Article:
Search Images Maps Play YouTube News Gmail Drive More »
Sign in
Screen reader users: click this link for accessible mode. Accessible mode has the same essential features but works better with your reader.

Patents

  1. Advanced Patent Search
Publication numberUS5805771 A
Publication typeGrant
Application numberUS 08/263,964
Publication dateSep 8, 1998
Filing dateJun 22, 1994
Priority dateJun 22, 1994
Fee statusPaid
Publication number08263964, 263964, US 5805771 A, US 5805771A, US-A-5805771, US5805771 A, US5805771A
InventorsYeshwant K. Muthusamy, Lorin P. Netsch, Periagaram K. Rajasekaran, Barbara J. Wheatley
Original AssigneeTexas Instruments Incorporated
Export CitationBiBTeX, EndNote, RefMan
External Links: USPTO, USPTO Assignment, Espacenet
Automatic language identification method and system
US 5805771 A
Abstract
This invention consists of three enhancements to HMM-based automatic language identification systems. The three enhancements are: (i) language-discriminant acoustic model training and recognition, (ii) an acoustic model pruning procedure that picks only those phonetic models which are considered useful for language identification, and (iii) a neural network-based language classification method that uses knowledge-based features derived from phone sequences output by the HMM phonetic recognizers.
Images(1)
Previous page
Next page
Claims(16)
We claim:
1. A method of automatically identifying a language among a plurality of languages comprising the steps of:
forming models for each of the phonetic elements of the speech in each individual language to be identified;
after models for a language are created, training the models using a speech corpus containing samples of speech from that language to form within-language models;
training models for each language using the speech corpora and models for said plurality of languages except the language used to create the original within-language models to form cross-language models;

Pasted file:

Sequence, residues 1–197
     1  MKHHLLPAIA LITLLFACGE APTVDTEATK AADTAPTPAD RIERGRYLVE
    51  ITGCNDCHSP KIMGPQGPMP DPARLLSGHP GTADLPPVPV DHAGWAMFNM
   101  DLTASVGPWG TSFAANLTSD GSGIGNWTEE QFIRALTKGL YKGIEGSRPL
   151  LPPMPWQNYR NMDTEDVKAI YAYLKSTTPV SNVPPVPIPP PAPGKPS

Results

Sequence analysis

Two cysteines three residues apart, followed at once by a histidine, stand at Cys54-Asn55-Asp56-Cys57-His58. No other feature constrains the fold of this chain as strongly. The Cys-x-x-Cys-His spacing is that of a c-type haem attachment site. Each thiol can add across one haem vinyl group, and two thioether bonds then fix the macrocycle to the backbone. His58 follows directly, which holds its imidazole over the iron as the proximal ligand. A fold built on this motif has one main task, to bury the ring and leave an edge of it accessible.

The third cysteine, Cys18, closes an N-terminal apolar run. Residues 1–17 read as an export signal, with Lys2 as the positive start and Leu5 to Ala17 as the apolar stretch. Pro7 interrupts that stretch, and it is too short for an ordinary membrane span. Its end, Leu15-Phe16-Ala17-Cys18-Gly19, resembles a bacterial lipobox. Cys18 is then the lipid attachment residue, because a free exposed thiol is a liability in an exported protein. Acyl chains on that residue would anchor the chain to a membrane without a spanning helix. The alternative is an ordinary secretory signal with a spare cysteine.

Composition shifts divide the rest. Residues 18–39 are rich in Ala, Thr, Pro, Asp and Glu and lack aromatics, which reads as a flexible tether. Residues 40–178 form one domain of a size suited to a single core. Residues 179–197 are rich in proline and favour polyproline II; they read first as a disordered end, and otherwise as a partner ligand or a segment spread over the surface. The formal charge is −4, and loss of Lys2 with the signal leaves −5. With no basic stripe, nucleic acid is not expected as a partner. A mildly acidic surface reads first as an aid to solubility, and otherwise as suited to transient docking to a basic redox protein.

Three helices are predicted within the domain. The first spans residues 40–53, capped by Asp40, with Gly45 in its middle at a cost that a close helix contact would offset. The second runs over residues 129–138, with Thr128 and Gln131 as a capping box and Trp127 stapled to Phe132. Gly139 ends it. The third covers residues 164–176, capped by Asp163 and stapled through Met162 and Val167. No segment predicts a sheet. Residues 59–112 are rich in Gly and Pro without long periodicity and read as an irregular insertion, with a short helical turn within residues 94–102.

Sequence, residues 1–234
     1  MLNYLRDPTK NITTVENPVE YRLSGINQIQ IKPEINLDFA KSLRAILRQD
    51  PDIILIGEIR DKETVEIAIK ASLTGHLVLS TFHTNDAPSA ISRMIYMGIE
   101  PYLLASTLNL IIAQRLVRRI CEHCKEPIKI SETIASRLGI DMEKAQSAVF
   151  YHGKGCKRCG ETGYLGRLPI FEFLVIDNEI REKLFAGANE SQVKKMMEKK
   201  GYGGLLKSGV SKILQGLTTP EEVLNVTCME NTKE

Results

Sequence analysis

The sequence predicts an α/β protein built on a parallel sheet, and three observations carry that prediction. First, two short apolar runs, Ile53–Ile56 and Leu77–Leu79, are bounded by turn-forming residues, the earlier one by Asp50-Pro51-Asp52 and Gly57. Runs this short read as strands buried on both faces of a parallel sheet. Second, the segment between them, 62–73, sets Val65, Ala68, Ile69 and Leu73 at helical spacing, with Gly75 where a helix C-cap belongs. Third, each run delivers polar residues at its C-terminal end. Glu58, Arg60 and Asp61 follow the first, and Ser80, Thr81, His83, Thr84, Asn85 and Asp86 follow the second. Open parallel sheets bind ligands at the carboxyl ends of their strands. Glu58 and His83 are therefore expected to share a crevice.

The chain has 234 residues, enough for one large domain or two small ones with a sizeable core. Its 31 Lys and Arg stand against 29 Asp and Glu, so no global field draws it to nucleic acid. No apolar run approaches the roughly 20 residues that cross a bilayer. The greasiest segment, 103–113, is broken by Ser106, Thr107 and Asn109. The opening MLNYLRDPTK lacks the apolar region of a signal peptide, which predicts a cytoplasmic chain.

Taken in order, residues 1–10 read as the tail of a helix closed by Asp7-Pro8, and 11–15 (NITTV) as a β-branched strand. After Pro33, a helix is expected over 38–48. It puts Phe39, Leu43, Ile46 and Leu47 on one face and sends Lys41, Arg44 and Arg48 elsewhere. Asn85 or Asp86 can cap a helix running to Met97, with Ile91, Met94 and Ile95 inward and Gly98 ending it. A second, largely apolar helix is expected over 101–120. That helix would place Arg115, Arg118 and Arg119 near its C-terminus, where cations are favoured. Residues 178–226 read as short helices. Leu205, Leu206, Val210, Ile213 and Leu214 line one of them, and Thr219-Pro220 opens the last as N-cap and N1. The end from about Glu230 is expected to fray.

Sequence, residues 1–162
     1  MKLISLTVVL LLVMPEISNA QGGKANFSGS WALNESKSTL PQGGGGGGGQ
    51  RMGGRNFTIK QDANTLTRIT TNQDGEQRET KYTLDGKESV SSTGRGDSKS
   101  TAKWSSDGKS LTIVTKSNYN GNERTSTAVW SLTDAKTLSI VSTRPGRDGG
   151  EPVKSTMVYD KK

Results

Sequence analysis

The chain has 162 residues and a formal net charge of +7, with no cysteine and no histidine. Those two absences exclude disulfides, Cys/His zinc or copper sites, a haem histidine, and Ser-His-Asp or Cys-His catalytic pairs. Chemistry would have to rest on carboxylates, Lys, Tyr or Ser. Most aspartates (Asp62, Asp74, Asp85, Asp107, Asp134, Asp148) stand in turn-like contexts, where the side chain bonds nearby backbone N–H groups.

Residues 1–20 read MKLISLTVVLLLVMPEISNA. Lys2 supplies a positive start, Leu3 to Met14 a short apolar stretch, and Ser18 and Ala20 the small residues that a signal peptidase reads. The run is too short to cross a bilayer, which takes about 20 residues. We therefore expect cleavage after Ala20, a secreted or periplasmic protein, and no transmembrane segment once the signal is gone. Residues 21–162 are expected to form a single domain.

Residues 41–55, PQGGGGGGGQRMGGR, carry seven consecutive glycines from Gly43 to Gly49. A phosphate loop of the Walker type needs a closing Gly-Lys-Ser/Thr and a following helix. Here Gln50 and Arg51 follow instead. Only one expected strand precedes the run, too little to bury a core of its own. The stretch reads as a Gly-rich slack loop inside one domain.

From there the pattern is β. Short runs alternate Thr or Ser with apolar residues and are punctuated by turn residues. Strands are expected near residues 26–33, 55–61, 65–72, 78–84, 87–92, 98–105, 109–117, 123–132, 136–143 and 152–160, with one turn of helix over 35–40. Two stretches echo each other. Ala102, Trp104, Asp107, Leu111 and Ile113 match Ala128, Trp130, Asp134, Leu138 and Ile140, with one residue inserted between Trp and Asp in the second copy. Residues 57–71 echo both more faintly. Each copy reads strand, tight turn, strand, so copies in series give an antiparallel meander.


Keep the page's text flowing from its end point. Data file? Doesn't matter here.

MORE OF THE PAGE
determining acoustical features for each state of each model to optimally discriminate within-language acoustic distribution from cross-language distribution; and
identifying a language from input speech based on said acoustical features.
2. The method of claim 1 wherein said forming step includes forming Hidden Markov Models for phones for each language.
3. The method of claim 2 wherein said Hidden Markov Models structure consists of states and transitions between states where each set of states that are vertically aligned share an acoustical statistical distribution which is a single multivariate Gaussian density.
4. The method of claim 2 wherein the step of training within-language models includes training using maximum-likelihood estimation procedures to produce a set of phonetic element HMMs representing statistics of the phonetic elements of each language.
5. The method of claim 4 wherein said step of training to form cross-language models includes the step of discriminative training using within-language HMMs for each language, to produce both within-language and corresponding cross-language models and to provide corresponding acoustical statistical distributions for the within-language and cross-language models.
6. The method of claim 5 wherein said determining step includes diagonalization of said statistical distributions to determine acoustical features for each state of each model to optimally discriminate the within-language model statistical distribution from the cross-language model statistical distribution.